By Ella Cox | April 1, 2021
Community associations successfully adapted to unprecedented challenges during the COVID-19 pandemic, seeking legal advice on holding meetings virtually, introducing new protocols for reopening amenities, and requiring face coverings in common areas even as more people are vaccinated. Association leaders are now considering which changes may become permanent moving forward.
At Sienna Associations in Missouri City, Texas, many former in-person processes will stay online, including handing out ID cards for the fitness center, modification requests, and the option for committee members to join virtual meetings when needed.
“The pandemic has gotten residents better acclimated to our community app for facility use and activity information and our website for resources,” says Lisa Cox, CMCA, AMS, LSM, PCAM, the association’s community manager and chair-elect of CAI’s 2021 Community Association Managers Council.
For most communities, virtual meetings have become appealing for board members and residents due to their convenience and flexibility. Higher attendance and participation is making them an option even after communities can return to in-person meetings.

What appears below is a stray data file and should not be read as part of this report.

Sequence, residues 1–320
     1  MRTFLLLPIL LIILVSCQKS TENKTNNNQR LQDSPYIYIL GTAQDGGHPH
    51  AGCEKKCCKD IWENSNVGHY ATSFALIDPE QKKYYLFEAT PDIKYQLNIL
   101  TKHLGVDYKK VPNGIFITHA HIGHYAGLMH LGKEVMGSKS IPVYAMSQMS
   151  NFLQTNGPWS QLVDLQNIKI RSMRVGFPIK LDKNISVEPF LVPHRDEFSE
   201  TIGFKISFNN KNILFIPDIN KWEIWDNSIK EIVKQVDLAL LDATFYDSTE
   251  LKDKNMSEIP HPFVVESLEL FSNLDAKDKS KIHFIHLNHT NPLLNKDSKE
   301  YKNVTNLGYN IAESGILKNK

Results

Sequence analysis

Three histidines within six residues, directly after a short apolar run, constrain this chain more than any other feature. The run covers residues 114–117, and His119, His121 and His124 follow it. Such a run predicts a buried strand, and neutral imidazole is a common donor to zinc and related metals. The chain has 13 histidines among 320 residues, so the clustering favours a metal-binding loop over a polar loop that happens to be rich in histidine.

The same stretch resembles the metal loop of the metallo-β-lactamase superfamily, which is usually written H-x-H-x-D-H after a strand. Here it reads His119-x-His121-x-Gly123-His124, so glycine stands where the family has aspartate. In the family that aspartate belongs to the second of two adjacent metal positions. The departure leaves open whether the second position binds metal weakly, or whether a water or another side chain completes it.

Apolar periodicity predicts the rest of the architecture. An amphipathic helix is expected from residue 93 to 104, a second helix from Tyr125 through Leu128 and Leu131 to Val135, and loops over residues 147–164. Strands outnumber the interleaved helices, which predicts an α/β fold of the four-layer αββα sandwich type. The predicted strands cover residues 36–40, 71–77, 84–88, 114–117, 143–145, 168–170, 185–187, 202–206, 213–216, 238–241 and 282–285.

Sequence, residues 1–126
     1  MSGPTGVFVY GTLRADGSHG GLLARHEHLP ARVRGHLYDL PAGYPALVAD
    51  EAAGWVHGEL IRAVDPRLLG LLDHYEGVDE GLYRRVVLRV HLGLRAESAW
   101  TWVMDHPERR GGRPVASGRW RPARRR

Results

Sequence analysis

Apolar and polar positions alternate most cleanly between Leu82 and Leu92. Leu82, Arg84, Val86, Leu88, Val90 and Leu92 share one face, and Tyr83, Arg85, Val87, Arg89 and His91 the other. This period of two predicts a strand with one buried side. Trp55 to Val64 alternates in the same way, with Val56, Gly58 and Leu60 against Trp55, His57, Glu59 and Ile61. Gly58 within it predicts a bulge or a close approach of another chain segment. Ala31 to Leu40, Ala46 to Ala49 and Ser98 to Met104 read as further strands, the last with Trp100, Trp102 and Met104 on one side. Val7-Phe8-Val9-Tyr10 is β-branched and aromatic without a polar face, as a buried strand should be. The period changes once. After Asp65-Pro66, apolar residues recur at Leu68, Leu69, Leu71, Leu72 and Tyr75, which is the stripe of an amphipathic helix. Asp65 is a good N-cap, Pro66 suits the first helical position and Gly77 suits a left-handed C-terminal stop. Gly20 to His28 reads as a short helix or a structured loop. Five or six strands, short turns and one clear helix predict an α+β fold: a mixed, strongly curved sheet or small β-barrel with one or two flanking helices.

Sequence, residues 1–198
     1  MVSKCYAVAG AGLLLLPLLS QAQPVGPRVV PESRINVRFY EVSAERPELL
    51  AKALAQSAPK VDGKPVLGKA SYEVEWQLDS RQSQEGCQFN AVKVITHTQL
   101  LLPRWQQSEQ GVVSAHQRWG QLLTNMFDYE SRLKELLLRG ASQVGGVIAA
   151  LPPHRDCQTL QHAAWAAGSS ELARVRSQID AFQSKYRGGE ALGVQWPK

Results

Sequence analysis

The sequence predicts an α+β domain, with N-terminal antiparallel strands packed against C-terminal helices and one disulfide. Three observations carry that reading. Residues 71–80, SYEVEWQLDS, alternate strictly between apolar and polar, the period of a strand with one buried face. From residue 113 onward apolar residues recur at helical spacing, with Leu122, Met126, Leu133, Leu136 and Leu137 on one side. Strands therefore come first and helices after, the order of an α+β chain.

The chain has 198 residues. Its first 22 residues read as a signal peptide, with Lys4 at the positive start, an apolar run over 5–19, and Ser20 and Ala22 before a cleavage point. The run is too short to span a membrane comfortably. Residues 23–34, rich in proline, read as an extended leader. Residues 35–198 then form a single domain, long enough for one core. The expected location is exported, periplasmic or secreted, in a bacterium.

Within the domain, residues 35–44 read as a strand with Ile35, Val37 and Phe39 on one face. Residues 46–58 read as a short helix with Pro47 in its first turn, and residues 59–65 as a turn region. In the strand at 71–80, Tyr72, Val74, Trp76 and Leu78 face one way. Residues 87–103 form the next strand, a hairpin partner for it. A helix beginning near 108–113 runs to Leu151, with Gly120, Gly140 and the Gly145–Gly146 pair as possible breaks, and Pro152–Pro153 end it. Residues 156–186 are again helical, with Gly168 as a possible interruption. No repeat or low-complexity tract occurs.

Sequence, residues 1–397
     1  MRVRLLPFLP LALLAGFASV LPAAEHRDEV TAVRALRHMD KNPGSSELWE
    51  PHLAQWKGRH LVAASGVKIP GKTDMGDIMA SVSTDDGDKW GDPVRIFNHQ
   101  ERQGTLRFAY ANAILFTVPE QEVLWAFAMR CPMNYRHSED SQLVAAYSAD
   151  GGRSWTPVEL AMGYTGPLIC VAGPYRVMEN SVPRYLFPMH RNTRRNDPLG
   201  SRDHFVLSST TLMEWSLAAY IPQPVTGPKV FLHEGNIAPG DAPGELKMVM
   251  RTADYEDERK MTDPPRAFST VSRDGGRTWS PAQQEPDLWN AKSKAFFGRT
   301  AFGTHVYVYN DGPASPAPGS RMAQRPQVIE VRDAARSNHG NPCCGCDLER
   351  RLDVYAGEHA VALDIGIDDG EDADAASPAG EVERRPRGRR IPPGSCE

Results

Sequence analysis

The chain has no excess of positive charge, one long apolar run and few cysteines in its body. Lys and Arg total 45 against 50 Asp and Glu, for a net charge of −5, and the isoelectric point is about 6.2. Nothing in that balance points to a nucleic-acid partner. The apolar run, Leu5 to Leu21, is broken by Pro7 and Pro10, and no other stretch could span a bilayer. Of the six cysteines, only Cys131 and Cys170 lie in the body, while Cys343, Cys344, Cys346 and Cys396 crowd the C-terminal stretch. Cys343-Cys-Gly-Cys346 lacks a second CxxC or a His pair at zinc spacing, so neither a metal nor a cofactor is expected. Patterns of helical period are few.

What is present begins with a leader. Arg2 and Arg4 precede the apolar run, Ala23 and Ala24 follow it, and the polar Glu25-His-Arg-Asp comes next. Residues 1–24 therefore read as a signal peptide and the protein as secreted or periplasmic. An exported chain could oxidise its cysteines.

Cox notes that Sienna’s management office is updating one of the conference rooms to allow for hybrid meetings.
Several states permitted community associations to hold virtual meetings during the pandemic if not allowed by their governing documents—an option that CAI supports for communities following the global crisis. Nancy T. Polomis, an attorney with Hellmuth and Johnson in Minneapolis, plans to include provisions when drafting governing documents that explicitly allow virtual meetings (since state statutes are unclear about permitting them), with guidelines on how they should be conducted.
Some communities also are re-envisioning their common areas to serve as productivity spaces as employers grant more flexible remote work arrangements. Warren Buckingham, board president at Parkside Plaza condominium in Silver Spring, Md., says the board is considering adapting its community room and park-like plaza to become resources for residents who prefer to switch locations when working from home or want a place to socialize.
“We very much expect that there will be long-term changes to how we live in this building,” he adds. The switch to more frequent remote work also is making Parkside Plaza’s board consider how to address increases in utility usage and managing noise complaints, for example.
One of the main things that Buckingham hopes will continue are the community’s virtual activities, many of which were organized to provide joy and levity throughout the pandemic. “We have found some really inspiring ways of strengthening the sense of community in the building, even though we couldn’t be physically in one another’s presence. We want to hold on to that as we look at the future.”